In a case related to political opinion, the Supreme Court articulated that the term
‘religion o r be lief’ d oes not inclu de p olitical opinion. It stated that belief should not be
understood as any kind of difference of opinion. For definition, the Court turned to an
official dictionary of Sl ovenian language, according to which belief means a belief on
basic and general vi ews on the world, society or a human, in the sense of defending or
rejecting one’s belief’, ‘to be ready to die to one’s belief’ or ‘to be Marxist by belief’.
Hence, belief has to be close to the meaning of a religion, and not to the meaning of an
c) Disability
There is no definition of disability in the Protection Against Discrimination Act. Under the
2010 Act on Equ al Opp ortunities for People with Disabilities39 the definition of a person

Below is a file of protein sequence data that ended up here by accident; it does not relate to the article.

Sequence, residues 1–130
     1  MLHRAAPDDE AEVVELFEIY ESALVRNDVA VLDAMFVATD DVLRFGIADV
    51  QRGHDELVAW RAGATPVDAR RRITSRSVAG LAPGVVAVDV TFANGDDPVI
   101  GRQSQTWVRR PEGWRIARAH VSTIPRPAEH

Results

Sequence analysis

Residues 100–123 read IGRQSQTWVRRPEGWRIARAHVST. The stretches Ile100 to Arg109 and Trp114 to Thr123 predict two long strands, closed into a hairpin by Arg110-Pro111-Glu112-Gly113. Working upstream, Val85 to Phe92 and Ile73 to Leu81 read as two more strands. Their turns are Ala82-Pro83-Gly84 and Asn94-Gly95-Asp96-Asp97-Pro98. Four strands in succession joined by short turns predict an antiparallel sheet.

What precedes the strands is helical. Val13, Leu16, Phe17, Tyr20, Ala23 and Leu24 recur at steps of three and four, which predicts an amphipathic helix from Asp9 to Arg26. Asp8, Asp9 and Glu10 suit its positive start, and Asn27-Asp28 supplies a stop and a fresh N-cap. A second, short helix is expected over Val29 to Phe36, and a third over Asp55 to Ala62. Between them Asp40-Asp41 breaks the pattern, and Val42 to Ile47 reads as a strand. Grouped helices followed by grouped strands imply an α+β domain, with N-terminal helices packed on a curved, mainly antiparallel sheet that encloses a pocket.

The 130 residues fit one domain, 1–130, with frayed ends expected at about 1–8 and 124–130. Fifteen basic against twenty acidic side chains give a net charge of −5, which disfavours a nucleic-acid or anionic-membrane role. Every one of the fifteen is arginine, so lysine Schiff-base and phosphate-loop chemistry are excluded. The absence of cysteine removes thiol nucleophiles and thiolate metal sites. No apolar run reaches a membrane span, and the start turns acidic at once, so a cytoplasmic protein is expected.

persons with disabilities are those who have long -term physical, mental, intellectual or
sensory impairments which, in interaction with va rious barriers, may hinder their full and
effective participation in society on an equ al basis with oth ers. This definition is close to
that set out in Ring and Skouboe Werge. This law therefore applies the meaning of
disability to people who have not been officially recognised as belonging to one of the
categories of disability. There is no limitation in the law on the legal contexts in which
this latter definition could be used. Therefore, it could be used both in the case of
determining the duty of reasonable accommodation and when invoking the Protection
Against Discrimination Act.
34 Religious Freedom Act (Zakon o verski svobodi), 2 February 2007, available at:
35 Medical Practitioners Act (Zakon o zdravniški službi), 18 November 1999, available at:
36 Regulation on the Enforcement of the Conscientious Objection to the Military Service and of the Civil
Alternative Service (Uredba o uveljavljanju ugovora vesti vojaški dolžnosti in o izvajanju civilne službe), 27
June 1996, available at:
37 Medical Practitioners Act (Zakon o zdravniški službi), 18 November 1999, Article 8(4), available at:
38 Supreme Court of the Republic of Slovenia, ruling No. I Up 27/2008, 23 June 2008.
39 Act on Equal Opportunities for People with Disabilities (Zakon o izenačevanju možnosti invalidov), 16
November 2010, available at: